Organizational Capacity Building

Candace LaRue and Associates

#nei2012 Sharing Common Wealth

on June 10, 2012

Peter Barnes

This workshop is related to the themes of institutions – we need to build new economic institutions if we want a new economy. Second, ownership forms are important – worker, public ownership. This workshop is about common ownership, ownership by all citizens in a community collectively through an intermediary institution like a trust, but not state ownership as in the government owning something. The government has a role in creating trusts, but they are self-governing, not agents of the state.

There are a few fundamental features of trust organizations.

1) trusteeship. The organization must preserve its common asset for future generations. There are plenty of organizations that already do that. Trustees have a legally binding fiduciary responsibility.
2) Charge rent for use of the common asset, and to share that rent with the beneficial owners, which in the case of common wealth is all of us, equally.

“Common Wealth” is similar to a “commons,” which is often thought of as a space or system that many people share like the commons where we had breakfast, a pasture, or the Internet. Common wealth is shared economic wealth as in property rights to assets that have value, but assets that are shared and held by all of us out there. At the moment it is invisible, unorganized, and unprotected. The first step is to identify the assets, organize them, assign property rights, and in most cases limit use and charge rent. Finally, the rent needs to be shared.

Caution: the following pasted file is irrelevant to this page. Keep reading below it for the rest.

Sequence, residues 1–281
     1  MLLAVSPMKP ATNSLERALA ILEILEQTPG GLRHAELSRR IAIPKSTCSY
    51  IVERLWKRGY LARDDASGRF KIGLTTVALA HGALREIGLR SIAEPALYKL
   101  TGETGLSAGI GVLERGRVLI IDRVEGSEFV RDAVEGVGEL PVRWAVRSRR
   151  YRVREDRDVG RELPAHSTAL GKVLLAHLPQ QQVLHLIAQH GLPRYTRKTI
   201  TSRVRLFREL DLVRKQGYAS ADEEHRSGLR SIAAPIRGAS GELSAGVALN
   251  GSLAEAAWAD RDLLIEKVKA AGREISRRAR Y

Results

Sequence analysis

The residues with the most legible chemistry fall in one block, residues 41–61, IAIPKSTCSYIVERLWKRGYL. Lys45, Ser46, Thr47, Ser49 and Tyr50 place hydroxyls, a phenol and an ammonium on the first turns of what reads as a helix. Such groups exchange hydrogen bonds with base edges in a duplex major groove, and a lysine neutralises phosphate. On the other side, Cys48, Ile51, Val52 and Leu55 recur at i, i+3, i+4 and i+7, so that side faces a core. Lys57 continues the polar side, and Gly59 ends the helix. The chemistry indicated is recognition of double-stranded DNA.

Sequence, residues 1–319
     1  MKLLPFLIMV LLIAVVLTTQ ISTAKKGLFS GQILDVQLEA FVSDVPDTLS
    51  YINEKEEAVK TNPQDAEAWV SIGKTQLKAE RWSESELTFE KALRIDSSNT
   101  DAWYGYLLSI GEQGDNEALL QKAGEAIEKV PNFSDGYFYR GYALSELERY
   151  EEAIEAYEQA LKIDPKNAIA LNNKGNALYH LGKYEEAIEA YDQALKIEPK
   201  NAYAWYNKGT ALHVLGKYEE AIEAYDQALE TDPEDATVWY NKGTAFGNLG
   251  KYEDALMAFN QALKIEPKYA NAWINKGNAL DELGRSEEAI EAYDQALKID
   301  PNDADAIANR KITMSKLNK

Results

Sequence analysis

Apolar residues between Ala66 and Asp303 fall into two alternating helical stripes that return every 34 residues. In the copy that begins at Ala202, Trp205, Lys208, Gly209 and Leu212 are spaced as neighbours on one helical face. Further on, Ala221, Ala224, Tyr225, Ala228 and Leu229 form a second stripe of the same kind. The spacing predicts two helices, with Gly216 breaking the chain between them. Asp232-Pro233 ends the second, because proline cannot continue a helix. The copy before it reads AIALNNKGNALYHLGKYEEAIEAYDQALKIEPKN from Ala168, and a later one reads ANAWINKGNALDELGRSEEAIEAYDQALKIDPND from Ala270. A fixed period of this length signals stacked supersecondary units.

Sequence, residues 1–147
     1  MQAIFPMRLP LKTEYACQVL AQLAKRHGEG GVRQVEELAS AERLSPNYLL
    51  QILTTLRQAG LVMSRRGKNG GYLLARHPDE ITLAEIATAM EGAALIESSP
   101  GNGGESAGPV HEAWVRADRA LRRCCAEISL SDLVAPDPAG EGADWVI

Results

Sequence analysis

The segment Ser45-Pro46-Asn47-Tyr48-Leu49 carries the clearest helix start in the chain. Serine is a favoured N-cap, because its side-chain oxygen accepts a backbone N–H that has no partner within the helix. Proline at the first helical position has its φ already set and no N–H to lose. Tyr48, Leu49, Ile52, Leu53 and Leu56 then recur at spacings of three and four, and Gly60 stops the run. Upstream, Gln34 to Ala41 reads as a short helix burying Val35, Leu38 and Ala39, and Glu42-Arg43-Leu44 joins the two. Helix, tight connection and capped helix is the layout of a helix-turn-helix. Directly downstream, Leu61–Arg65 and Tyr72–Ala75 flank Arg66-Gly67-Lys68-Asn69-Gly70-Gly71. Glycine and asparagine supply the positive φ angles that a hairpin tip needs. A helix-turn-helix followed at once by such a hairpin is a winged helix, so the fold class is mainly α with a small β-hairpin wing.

Capitalism has a couple of serious systemic flaws, including that it fails to internalize “externalities” and destroys nature. Nature is priced at zero. The second flaw is that it sucks income and wealth to a small elite at the top. Part of coming up with a new economy involves new forms of ownership that are much more widely spread, doing that without increasing the size of government.

Common ownership of common wealth is the key to preserving vital ecosystems and sustaining a large middle class in the United States in the 21st century.

Neither markets nor government can actually manage common resources. No institution is accountable to nature or future generations, in the market or in the state. Private corporations a accountable to shareholders, government may “say” they are accountable to nature, but they are not. At best government is accountable to voters, at worst, to donors. There is a massive agency problem.

There are “valves” to the economy that need to be cranked down to slow growth in the economy. Where are they, and who can turn them down? The answer listed in neither government or the market, but in commonly owned institutions.